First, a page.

This COPD stages by GOLD guidelines calculator stratifies patients with chronic obstructive pulmonary disease according to the severity of dyspnea and FEV1 levels. You can read more about this lung disease and the GOLD initiative below the form.
How does this COPD stages by GOLD guidelines calculator work?
This is a health tool based on the Global Initiative on Obstructive Lung Disease classification of COPD severity. There are five stages numbered in Roman numerals with 0 being the least severe and stage IV being the most severe with predominant dyspnea and CRF:
■ Stage 0: no diagnosis but at risk with chronic cough and sputum production present but with normal spirometry.
■ Stage I: mild COPD characterized by mild airflow limitation (FEV1/FVC less than 70% but FEV1 80% or more than predicted).
■ Stage II: moderate COPD, indicated by worsening airflow limitation (FEV1 50-79% predicted) and usually progression of symptoms, with shortness of breath on exertion.
■ Stage III: severe COPD characterized by further worsening of airflow limitation (FEV1 30-50% predicted), increased shortness of breath, and repeated exacerbations.
■ Stage IV: very severe COPD with severe airflow limitation (FEV1 less than 30% predicted) or the presence of chronic respiratory failure.
Several studies have looked into the correlation between the GOLD stage and outcome prognostic in terms of survival and comorbidities. Other prognosis assessments that try to reflect disability in obstructive lung disease include the BODE Index and the modified MRC dyspnea scale.
The GOLD initiative aims at stratifying patient within the COPD stages and at creating a framework of in and out hospital management and strategy.
COPD medical considerations
This is a medical condition characterized by airflow obstruction that is partially irreversible, progressive and accompanied by an inflammatory response of the lungs. In the case of COPD, the obstruction is due to damage to the parenchyma and airway structures such as that is patients who already suffer from chronic bronchitis or emphysema.
In test terms, obstruction is defined as a reduced FEV1/FVC ratio (meaning forced expiratory volume in 1 second per forced vital capacity) to less than 0.7 combined with a FEV1 of less than 80%, in severe cases, FEV1 reaching less than 35% of the predicted normal.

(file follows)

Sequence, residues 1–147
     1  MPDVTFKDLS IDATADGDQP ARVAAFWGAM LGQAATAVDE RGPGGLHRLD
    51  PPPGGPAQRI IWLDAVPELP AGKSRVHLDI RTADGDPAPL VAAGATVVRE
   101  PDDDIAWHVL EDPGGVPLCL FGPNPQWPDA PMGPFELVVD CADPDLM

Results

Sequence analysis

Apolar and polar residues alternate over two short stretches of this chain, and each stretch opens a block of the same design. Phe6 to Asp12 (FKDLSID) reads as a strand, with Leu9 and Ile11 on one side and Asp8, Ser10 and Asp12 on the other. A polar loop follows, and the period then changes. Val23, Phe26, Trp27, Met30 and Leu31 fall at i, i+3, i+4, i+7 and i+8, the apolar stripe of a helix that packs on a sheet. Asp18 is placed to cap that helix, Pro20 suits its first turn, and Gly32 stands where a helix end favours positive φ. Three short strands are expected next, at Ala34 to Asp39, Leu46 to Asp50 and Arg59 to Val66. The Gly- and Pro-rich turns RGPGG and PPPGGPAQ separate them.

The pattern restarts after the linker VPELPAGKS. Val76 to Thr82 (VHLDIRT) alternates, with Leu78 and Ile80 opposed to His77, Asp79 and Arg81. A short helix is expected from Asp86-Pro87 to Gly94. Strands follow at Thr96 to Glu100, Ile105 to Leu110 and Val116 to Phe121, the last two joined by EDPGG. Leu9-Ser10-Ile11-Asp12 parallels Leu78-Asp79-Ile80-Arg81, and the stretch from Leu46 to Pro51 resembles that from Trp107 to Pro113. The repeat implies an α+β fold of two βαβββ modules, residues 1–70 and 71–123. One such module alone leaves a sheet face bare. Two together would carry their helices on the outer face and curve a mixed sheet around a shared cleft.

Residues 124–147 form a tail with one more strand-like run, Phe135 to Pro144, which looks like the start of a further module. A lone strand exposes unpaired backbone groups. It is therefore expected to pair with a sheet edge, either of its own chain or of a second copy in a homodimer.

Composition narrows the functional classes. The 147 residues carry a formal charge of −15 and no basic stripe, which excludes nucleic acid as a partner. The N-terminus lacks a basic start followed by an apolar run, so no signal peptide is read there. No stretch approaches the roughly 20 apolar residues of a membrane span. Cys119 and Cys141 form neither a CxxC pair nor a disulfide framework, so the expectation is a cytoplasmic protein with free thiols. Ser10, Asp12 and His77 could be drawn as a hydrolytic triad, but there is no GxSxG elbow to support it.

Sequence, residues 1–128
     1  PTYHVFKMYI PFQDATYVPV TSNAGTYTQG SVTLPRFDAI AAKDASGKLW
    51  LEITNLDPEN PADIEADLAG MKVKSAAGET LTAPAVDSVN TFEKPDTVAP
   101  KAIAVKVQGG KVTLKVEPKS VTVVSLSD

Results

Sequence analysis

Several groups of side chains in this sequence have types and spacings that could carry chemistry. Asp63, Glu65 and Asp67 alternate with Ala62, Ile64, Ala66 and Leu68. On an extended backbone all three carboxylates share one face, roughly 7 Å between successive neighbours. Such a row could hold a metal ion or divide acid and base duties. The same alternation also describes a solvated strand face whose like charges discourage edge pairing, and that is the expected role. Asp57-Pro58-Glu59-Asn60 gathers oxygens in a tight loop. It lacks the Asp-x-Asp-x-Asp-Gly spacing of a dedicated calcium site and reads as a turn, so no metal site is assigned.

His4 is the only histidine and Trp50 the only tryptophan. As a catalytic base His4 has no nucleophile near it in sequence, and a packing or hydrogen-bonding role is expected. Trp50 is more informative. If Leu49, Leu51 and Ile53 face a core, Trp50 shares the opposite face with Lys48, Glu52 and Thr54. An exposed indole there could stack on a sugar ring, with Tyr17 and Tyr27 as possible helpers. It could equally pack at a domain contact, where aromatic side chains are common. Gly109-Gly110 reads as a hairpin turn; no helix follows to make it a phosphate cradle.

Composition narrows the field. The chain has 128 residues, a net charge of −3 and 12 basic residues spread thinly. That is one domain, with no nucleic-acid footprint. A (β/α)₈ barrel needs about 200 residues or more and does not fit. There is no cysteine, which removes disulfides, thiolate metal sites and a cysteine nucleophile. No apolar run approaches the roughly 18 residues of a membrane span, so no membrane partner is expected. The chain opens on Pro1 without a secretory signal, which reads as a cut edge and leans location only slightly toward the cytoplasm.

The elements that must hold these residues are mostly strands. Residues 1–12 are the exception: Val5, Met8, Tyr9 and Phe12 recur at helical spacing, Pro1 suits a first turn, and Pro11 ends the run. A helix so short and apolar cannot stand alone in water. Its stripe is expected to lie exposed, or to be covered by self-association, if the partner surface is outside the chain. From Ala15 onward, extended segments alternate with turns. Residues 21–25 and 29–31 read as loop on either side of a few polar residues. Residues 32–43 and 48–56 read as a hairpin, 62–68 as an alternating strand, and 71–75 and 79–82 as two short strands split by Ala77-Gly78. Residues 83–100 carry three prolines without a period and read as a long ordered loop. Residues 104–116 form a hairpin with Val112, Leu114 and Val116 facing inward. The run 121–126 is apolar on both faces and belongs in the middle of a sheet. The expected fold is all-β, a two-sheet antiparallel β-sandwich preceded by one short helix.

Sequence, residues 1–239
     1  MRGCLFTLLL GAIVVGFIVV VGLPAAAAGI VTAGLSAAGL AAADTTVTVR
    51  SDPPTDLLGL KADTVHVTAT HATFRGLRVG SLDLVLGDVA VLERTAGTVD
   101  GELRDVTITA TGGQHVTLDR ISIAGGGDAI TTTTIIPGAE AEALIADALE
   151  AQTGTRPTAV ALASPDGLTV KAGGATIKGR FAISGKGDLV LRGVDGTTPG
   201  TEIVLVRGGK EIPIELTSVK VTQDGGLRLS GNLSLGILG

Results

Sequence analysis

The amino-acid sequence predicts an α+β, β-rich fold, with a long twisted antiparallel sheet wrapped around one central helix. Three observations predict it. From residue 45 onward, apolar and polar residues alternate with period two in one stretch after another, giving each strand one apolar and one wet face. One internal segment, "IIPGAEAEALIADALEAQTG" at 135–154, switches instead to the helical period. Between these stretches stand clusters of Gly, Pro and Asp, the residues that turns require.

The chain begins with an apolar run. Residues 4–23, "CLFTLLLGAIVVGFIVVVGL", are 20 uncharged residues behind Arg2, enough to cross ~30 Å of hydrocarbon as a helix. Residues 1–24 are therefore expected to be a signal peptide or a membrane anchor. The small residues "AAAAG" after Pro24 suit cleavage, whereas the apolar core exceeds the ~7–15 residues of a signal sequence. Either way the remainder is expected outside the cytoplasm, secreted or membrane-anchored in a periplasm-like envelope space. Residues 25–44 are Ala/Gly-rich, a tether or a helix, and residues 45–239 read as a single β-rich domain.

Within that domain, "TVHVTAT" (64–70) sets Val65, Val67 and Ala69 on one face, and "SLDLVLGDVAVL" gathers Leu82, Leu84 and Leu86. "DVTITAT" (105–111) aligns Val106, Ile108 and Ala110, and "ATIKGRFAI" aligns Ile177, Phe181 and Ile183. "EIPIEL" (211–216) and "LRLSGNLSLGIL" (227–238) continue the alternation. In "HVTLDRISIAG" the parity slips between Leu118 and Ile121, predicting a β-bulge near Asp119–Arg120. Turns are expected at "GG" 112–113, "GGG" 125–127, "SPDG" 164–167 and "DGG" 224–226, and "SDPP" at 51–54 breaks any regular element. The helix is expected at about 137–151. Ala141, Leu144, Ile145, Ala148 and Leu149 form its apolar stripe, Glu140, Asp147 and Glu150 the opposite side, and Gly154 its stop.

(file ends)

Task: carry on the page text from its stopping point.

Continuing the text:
The most common symptoms are dyspnea or breathlessness, cough and sputum production. Other signs relevant include a protruded chest, pale or cyanotic teguments due to hypoxia and determination proven acid base imbalance. The COPD also presents with wheezing, flapping tremor, effort intolerance and sometimes limb edema.
Chronic obstructive disease needs to be differentiated diagnostically from congestive heart failure, bronchopulmonary dysplasia, some forms of anemia, lung cancer or pneumoconiosis. The usual diagnosis uses assessments such as the BODE index and spirometry testing. Obstruction presence and degree is best evidenced through post-bronchodilator spirometry. Diagnostic means also include CT scanning, FBC (full blood count) for anemia or polycytemia as well as a BMI calculation in order to check the general health weight status.
Left untreated, COPD symptoms progress and lead not only to exacerbated dyspnea but also to chronic hypoxemia which evolves into pulmonary hypertension and ventricular hypertrophy. Other complications include atrial fibrillation, pneumothorax or secondary polycytemia.
1) Celli BR, Cote CG, Lareau SC, Meek PM. (2008) Predictors of Survival in COPD: more than just the FEV1. Respir Med; 102 Suppl 1:S27-35.
2) Marin JM, Cote CG, Diaz O, Lisboa C, Casanova C, Lopez MV, Carrizo SJ, Pinto-Plata V, Dordelly LJ, Nekach H, Celli BR. (2011) Prognostic assessment in COPD: health related quality of life and the BODE index. Respir Med; 105(6):916-21.
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